In business, the quality of your decisions will ultimately determine the levels of success you achieve. So how can you improve your decision-making ability? The good news is that there are now decades of scientific research that have revealed how the brain forms judgements. When you apply these findings you will find that your capacity to make effective decisions that you follow through on will improve dramatically. Here are three of these science-backed strategies.
#1: Avoid Sunk Cost Fallacy
Imagine the following scenario: You’ve poured a lot of time and resources into a new initiative, but the data suggests that it’s not working and you should change course. Even though you know that you should abandon the project, you don’t want to. You’ve already invested so much into it, your natural tendency is to ignore the risks and see if you can turn it around. Yet, this could have catastrophic consequences for your business, so what should you do?
To determine the right course of action, it is imperative that you first recognize what is going on. The situation I just described illustrates a powerful bias known as sunk cost fallacy. What is sunk cost fallacy? It’s the tendency to continue an endeavor because of previously invested resources. So, it’s making a decision looking backwards, rather than to the future. Once you realize how much sway this bias has and the inherent danger of it, you’re able to see more clearly and summon the logical thinking necessary to make decisions based on the future, rather than the past.
#2: Use Action Triggers
In behavioral science there is something called decision fatigue, which says that after making many decisions in a day, you become mentally tired and become more likely to make poor decisions. So what can you do to counteract this? You pro-load your decisions by using what behavioral scientists call action triggers.
These are pre-established decisions that link a behavior with its environment. It’s a when that happens, then I do this mentality. So for example, if I want to lose weight, I decide that on my way home from the office every day, I will stop at the gym. Or if I want to read a book a week, then I block of 20 minutes each day on my schedule that I devote to reading. So when it is 3:10pm in the afternoon, I have an appointment to read for 20 minutes.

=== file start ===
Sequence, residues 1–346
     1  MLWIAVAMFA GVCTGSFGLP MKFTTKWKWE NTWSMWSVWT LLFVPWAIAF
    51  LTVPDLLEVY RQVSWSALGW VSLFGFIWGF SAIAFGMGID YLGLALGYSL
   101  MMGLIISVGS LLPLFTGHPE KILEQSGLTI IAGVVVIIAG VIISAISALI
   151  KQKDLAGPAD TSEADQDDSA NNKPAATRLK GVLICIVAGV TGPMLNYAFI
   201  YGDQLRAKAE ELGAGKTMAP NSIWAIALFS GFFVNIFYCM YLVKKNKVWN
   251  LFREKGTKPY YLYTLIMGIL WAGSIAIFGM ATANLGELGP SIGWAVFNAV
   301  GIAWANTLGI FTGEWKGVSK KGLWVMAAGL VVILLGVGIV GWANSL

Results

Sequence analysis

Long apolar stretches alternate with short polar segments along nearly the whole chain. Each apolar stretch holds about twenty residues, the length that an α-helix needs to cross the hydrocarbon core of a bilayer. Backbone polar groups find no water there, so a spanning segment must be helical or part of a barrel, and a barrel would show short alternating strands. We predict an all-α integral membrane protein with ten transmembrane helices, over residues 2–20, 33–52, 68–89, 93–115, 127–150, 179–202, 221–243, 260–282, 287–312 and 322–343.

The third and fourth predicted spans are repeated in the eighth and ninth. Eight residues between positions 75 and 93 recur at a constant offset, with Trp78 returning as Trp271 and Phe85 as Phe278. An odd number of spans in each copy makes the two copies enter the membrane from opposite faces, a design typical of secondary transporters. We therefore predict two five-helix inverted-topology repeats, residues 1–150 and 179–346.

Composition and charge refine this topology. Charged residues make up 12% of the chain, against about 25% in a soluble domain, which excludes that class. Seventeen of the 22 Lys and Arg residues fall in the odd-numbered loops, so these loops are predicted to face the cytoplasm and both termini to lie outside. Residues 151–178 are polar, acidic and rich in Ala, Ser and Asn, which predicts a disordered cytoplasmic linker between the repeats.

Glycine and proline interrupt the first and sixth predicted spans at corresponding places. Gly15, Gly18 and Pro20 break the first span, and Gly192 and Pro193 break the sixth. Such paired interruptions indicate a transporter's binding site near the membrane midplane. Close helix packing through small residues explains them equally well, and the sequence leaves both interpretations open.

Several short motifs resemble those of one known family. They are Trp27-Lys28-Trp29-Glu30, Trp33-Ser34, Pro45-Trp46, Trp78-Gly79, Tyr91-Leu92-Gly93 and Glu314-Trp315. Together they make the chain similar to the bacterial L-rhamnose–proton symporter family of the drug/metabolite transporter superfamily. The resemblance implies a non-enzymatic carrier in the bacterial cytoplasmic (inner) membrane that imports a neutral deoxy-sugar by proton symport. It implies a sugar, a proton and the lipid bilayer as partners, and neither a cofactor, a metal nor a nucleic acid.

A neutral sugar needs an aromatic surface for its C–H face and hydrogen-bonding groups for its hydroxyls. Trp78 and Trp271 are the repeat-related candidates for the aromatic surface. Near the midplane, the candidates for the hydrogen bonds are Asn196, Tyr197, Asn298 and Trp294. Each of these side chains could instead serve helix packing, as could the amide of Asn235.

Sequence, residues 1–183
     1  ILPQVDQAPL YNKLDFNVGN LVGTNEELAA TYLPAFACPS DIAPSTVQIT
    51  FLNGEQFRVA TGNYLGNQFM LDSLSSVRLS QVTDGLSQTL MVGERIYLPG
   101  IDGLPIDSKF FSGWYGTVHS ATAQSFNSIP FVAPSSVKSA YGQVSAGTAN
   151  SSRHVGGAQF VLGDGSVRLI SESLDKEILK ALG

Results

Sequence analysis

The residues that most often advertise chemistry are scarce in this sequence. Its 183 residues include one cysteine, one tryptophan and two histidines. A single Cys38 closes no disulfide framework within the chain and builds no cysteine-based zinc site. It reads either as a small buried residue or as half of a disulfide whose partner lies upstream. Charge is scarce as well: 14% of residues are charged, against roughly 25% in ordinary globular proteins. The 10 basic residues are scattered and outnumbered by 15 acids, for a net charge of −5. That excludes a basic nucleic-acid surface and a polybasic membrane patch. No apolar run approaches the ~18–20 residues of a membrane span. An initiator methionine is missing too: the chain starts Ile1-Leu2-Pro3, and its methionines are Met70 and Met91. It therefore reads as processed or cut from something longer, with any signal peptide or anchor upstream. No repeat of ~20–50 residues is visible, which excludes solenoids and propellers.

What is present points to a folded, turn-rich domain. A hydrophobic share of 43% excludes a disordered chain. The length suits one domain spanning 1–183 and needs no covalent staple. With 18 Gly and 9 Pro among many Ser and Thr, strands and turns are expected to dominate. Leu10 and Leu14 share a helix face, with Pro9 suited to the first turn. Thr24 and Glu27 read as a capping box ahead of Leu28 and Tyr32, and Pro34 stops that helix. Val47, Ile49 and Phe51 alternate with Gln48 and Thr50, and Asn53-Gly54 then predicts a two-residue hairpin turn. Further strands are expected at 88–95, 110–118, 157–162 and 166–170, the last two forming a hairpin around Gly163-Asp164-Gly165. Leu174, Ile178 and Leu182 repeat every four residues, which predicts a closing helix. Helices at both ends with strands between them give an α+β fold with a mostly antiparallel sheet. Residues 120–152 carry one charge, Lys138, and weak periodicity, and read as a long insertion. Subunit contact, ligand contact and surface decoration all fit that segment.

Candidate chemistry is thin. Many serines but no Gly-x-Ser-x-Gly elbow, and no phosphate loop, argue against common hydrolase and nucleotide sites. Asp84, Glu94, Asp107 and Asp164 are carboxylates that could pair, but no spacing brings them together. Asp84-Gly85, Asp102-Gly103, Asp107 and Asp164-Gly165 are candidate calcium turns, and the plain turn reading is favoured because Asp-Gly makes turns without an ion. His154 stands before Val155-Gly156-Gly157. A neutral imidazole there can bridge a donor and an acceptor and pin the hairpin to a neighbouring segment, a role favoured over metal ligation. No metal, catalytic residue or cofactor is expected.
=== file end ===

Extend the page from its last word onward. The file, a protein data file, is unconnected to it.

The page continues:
The idea is simply to connect the behavior (going to the gym) with an external reference (driving home from work). This will pass the control of the behavior to an environmental stimulus, which will also improve the likelihood that you’ll get in the habit of stopping by the gym on your way home from work.
If action triggers sound simple, it is because they are. Nevertheless, they have been proven to have an enormous impact on behavior. In fact, numerous studies have verified that participants who used action triggers were 74% more likely to complete the desired task.
#3: Guard Against Blind Overconfidence
Believing in yourself and your company are hallmarks of successful people. However, there is compelling research that reveals when confidence evolves into reckless overconfidence it produces faulty assessments, unrealistic expectations and corrupts decision-making.
One way to make sure overconfidence doesn’t corrupt your decision-making is by asking the right questions. For instance, one study found that asking reflective questions like, “How will I do this?” or simply, “Will I?” when attempting challenging tasks makes it more likely you’ll identify a solution quickly.
This interrogative self-talk guides you away from thinking that you will succeed and toward considering how you’ll succeed. That can defuse overconfidence and stimulate your problem-solving abilities. In contrast, someone who’s overconfident will look at the same situation and blindly declare, “I will do this.” While that statement assumes everything will work out fine, the questions force you to actually figure it out. And that’s often the difference between finding a solution quickly or not.
Following these three science-backed suggestions will help you make productive decisions and set you up for greater levels of success.